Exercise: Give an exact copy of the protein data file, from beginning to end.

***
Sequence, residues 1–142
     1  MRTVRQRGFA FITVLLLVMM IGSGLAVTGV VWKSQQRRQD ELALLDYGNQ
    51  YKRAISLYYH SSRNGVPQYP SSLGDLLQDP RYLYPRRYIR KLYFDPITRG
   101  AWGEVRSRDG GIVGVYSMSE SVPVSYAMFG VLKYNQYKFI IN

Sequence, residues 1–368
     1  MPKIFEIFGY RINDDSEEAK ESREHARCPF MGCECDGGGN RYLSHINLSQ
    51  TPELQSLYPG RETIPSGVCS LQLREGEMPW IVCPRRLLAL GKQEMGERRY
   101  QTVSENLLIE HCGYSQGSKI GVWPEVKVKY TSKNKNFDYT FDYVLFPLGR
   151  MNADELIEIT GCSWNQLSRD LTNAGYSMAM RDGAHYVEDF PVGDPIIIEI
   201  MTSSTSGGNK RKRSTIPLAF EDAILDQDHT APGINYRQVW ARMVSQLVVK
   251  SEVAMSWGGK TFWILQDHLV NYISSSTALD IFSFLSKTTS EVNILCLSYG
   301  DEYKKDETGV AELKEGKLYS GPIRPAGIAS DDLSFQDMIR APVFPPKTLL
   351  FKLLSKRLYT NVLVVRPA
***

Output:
Sequence, residues 1–142
     1  MRTVRQRGFA FITVLLLVMM IGSGLAVTGV VWKSQQRRQD ELALLDYGNQ
    51  YKRAISLYYH SSRNGVPQYP SSLGDLLQDP RYLYPRRYIR KLYFDPITRG
   101  AWGEVRSRDG GIVGVYSMSE SVPVSYAMFG VLKYNQYKFI IN

Sequence, residues 1–368
     1  MPKIFEIFGY RINDDSEEAK ESREHARCPF MGCECDGGGN RYLSHINLSQ
    51  TPELQSLYPG RETIPSGVCS LQLREGEMPW IVCPRRLLAL GKQEMGERRY
   101  QTVSENLLIE HCGYSQGSKI GVWPEVKVKY TSKNKNFDYT FDYVLFPLGR
   151  MNADELIEIT GCSWNQLSRD LTNAGYSMAM RDGAHYVEDF PVGDPIIIEI
   201  MTSSTSGGNK RKRSTIPLAF EDAILDQDHT APGINYRQVW ARMVSQLVVK
   251  SEVAMSWGGK TFWILQDHLV NYISSSTALD IFSFLSKTTS EVNILCLSYG
   301  DEYKKDETGV AELKEGKLYS GPIRPAGIAS DDLSFQDMIR APVFPPKTLL
   351  FKLLSKRLYT NVLVVRPA